Women’s healthcare in Saudi Arabia is often comparable to what is available in Western countries. In spite of the Kingdom’s stance on women’s rights, expat women should be able to anticipate and tackle most issues – once armed with the right information.
This helpful guide includes the following information about women’s healthcare in Saudi Arabia:
- Women’s healthcare in Saudi Arabia
- Accessing women’s healthcare in Saudi Arabia
- Insurance for women’s healthcare in Saudi Arabia
- Gynecologists in Saudi Arabia
- Women’s contraception in Saudi Arabia
- Maternity care services in Saudi Arabia
- Breastfeeding in Saudi Arabia
- Fertility treatments in Saudi Arabia
- Abortion in Saudi Arabia
- Menopause in Saudi Arabia
- Cancer screenings in Saudi Arabia
- Sexual health in Saudi Arabia
- Availability and cost of feminine hygiene products
- Women’s clinics and healthcare centers in Saudi Arabia
- Women’s mental healthcare in Saudi Arabia
Looking for expat-friendly health insurance in Saudi Arabia? APRIL International has a long history of providing health coverage tailored to the unique needs of the expat lifestyle, ensuring peace of mind for you and your family. Whether you're relocating to Saudi Arabia or simply staying short-term, APRIL International has the right policy for you.
Women’s healthcare in Saudi Arabia
Women moving to Saudi Arabia must adjust to stringent rules governing everything; from when they can go to the mall to whether or where they can drive. These rules, which are sometimes vague, can affect the kind, quality, and access that expats have to reproductive and general women’s healthcare in Saudi Arabia. However, on the bright side, because Saudi Arabia hires extensively from outside the Kingdom, healthcare professionals mainly speak English. Therefore, you shouldn’t have too many communication issues.
The Saudi government has invested heavily in its healthcare system, importing high-tech machines and highly skilled expat medical professionals. Although quality of care (and insurance) varies significantly, you can generally access healthcare on par with that in your home country. That said, one challenge facing Saudi Arabia is the chronic shortage of medical staff. With a rising population (which is living longer), Saudi Arabia needs 10,000 more doctors by 2020 to meet demand.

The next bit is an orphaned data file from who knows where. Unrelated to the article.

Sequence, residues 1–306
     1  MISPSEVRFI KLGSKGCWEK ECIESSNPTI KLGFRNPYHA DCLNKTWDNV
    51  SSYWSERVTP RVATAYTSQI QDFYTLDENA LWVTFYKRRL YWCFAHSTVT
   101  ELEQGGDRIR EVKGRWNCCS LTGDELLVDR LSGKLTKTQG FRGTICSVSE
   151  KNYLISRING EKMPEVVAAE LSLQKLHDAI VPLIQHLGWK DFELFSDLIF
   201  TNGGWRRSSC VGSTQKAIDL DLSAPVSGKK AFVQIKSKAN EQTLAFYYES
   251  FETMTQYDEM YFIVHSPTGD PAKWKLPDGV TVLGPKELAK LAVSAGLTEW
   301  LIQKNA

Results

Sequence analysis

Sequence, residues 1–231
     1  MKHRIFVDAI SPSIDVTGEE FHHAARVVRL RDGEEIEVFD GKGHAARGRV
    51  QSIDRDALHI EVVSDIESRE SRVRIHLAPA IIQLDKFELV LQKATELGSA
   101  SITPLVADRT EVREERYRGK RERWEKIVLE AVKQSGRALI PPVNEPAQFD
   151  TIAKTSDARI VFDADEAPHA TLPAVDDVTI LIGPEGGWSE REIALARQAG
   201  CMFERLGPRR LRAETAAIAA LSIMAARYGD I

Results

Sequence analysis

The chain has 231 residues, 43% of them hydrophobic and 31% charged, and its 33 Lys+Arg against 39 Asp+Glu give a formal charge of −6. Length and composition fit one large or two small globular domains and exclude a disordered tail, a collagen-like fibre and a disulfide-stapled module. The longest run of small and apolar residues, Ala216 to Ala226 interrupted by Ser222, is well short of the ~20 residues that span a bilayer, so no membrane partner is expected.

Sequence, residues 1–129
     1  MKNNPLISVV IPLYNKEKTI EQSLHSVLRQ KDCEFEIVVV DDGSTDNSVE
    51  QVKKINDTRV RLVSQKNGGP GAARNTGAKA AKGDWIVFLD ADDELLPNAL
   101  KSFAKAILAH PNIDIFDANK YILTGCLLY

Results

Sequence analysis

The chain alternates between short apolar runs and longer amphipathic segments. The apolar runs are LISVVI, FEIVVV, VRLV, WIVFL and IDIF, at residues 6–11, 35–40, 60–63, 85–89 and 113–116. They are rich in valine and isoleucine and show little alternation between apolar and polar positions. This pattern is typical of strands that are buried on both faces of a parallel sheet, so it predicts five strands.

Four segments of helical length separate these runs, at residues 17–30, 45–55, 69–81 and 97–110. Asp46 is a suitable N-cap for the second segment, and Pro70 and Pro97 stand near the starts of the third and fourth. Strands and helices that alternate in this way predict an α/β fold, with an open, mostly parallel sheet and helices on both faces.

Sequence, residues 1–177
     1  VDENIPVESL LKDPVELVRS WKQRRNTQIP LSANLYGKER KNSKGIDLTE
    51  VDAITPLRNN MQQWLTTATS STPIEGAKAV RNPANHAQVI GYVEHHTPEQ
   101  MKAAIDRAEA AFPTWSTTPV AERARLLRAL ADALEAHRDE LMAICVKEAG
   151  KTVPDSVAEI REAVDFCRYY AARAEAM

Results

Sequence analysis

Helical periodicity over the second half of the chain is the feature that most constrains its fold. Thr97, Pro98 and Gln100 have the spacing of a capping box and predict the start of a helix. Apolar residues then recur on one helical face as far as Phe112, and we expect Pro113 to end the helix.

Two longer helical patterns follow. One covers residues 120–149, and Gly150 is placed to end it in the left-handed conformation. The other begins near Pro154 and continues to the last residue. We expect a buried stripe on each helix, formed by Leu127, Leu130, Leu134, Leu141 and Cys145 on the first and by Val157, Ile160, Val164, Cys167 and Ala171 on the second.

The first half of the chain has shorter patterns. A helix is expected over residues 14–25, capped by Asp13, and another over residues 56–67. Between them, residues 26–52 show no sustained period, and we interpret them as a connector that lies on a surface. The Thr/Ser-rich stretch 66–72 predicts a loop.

Challenges to women’s healthcare in Saudi Arabia
The cultural segregation of Saudi Arabia affects health and healthcare in the Kingdom. Most women suffer from vitamin D deficiency because they have to hide their bodies from the sun. Exercise isn’t promoted widely (and it’s blazing hot) so the Kingdom is seeing a rise in diabetes, hypertension, and other inactivity-related illnesses. In addition, unfortunately, sometimes the rigidity of gender segregation can impact the speed of healthcare delivery if, for example, male paramedics can’t quickly access an all-female space. This might not happen every day – or perhaps ever in the life of an expat – but it is important to keep in mind.
Accessing women’s healthcare in Saudi Arabia
Women-focused healthcare services in Saudi Arabia can either be offered within stand-alone clinics or nestled within larger hospitals and centers. Do your research and get some recommendations before choosing a provider. Generally, though, bigger public hospitals have larger budgets, and thus often offer some of the best care.
Insurance for women’s healthcare in Saudi Arabia
Once upon a time health insurance in Saudi Arabia was free for expats and locals alike. Unfortunately, those days are long gone, and health insurance is now a requirement through expat job contracts. Depending on the insurance, certain aspects may or may not be covered (for example maternity costs), so it’s extremely important that you understand your insurance very well. Although public hospitals are only free for locals, they often have some of the most specialized care; they are available to expats, who need to pay the required fees.
If you’re looking for a health insurer, providers include APRIL International.